You Can Pry The World's Last Bottle Of Tequila From My Cold, Drunk Hands

We don't often think of it—because when we're drinking we're trying not to think—but most alcohol is an agricultural product. Beer comes from barley; wine from grapes; tequila from the agave plant and the distilled tears of angels. As an agricultural product it's subject to not just supply and demand pressure, but to Mother Nature's clock. Lately, time has not been on the side of tequila makers.

Reuters reports that the price of Agave tequilana, the spiky agave plant whose liquid is fermented into tequila, has risen six-fold in the past two years thanks to increased global demand for the Mexican-grown booze. Coupled with the long lifespan of an agave plant before it should be harvested—about seven or eight years—the price increase has the industry bracing for dire times. Some tequila distillers have resorted to pulling up young plants, which is a frowned-upon practice in tequila making and will contribute to fewer plants in production down the line. Industry experts warn of the potential for a worldwide tequila shortage that could continue through 2021.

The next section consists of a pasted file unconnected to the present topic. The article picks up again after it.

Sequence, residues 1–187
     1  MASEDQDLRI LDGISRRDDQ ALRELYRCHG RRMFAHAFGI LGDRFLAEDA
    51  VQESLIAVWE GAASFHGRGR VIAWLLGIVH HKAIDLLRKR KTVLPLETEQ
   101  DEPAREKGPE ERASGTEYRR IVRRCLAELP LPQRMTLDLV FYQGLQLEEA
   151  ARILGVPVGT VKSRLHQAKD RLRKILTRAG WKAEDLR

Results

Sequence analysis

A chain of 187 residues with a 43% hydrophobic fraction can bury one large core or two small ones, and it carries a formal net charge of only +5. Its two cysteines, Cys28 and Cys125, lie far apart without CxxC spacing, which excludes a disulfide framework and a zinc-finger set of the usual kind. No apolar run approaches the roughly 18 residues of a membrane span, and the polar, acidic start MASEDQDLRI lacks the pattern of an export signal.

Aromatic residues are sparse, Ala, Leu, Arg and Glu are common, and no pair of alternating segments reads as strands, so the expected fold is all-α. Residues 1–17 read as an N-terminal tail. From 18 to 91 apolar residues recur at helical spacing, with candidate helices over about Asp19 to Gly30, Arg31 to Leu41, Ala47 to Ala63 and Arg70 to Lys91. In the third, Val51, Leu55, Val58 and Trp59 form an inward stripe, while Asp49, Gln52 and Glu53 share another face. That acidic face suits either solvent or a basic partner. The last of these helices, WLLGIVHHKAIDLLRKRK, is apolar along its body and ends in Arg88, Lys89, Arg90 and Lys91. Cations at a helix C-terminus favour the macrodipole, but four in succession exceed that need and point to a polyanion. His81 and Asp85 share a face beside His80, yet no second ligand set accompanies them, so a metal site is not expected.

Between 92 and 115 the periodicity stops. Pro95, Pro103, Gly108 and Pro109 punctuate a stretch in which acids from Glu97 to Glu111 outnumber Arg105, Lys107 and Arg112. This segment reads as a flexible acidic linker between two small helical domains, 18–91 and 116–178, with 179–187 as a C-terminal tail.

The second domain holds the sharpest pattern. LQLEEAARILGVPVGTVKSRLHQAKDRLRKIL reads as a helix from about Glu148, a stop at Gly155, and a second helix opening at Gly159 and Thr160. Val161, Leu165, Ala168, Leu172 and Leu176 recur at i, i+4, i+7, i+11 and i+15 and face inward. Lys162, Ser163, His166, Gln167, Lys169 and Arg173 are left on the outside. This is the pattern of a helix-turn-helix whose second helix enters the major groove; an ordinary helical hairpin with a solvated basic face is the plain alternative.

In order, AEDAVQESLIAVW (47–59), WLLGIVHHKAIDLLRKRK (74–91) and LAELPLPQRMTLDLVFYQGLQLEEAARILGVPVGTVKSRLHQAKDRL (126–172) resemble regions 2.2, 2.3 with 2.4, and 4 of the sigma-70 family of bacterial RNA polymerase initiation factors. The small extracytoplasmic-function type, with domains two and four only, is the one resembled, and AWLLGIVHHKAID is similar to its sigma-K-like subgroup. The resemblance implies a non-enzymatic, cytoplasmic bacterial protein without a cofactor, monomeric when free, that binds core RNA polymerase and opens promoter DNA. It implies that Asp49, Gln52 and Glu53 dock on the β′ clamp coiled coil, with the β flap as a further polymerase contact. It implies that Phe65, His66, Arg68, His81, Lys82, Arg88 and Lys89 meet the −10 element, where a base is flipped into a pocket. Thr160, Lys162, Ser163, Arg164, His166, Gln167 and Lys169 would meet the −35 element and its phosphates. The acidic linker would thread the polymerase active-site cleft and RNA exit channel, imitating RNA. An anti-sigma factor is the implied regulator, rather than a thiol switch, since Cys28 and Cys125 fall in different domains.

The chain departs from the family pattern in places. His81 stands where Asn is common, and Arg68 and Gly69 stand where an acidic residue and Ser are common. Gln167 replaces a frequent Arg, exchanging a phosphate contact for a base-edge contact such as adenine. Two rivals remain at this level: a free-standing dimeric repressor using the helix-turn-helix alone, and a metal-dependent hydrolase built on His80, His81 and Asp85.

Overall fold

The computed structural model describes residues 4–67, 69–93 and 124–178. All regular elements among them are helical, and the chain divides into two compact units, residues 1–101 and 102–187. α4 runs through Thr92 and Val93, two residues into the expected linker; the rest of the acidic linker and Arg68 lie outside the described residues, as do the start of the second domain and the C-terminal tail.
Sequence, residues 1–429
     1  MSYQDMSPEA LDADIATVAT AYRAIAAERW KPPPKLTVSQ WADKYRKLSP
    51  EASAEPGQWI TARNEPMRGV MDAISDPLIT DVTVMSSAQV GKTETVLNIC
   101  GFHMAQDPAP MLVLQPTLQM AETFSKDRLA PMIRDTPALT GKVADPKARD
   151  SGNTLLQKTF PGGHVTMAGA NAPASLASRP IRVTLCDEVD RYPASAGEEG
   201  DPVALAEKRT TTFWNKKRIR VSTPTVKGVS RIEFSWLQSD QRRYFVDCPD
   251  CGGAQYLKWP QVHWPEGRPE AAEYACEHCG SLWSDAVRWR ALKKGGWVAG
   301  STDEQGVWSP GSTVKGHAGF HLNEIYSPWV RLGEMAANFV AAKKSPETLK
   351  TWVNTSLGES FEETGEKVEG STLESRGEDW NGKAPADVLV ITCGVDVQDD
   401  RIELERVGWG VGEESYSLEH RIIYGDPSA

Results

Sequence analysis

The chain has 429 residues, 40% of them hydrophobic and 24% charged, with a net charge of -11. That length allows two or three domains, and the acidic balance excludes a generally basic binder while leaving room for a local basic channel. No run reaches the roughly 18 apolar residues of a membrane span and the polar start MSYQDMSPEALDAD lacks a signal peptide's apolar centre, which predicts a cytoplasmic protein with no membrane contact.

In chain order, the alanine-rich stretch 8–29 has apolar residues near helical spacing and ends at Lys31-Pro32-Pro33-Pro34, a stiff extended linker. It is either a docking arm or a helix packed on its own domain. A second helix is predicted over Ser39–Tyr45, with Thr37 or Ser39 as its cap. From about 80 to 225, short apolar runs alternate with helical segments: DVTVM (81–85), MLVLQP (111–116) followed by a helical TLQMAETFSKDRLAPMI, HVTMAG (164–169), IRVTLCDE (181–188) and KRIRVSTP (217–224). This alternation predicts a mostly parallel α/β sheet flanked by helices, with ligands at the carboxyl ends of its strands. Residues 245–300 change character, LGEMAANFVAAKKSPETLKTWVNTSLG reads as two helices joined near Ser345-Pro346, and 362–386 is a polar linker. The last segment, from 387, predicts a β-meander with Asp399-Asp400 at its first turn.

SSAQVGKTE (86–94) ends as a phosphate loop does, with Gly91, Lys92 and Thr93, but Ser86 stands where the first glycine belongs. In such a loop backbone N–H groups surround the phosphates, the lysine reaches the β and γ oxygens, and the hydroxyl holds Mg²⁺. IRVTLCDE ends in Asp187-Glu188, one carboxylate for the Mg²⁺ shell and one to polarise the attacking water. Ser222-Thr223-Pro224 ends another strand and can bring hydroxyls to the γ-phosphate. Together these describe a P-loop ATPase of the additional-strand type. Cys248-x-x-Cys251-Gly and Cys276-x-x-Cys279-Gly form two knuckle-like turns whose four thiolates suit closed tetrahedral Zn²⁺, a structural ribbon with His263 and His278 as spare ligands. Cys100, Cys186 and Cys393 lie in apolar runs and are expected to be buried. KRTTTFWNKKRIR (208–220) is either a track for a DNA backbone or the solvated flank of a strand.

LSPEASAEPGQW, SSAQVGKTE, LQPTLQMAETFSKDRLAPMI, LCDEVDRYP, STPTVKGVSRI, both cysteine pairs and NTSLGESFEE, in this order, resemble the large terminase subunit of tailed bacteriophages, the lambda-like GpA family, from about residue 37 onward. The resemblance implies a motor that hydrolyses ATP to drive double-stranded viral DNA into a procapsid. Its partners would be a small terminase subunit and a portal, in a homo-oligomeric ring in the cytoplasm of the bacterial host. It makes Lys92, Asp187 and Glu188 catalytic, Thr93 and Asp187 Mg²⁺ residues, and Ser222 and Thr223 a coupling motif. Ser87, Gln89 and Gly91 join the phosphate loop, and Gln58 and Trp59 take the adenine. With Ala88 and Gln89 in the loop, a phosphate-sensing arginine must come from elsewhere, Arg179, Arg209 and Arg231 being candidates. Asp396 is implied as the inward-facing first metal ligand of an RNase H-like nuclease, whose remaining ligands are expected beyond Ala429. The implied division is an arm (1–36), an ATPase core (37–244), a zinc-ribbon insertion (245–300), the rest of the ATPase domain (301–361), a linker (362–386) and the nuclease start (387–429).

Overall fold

How can you protect yourself and your loved ones in the event of this global catastrophe? By adding fuel to the fire and hoarding tequila, duh. I am personally at work on an underground mezcal bunker, where I plan to hide with my dog until this dark cloud lifts. See you all in 2022.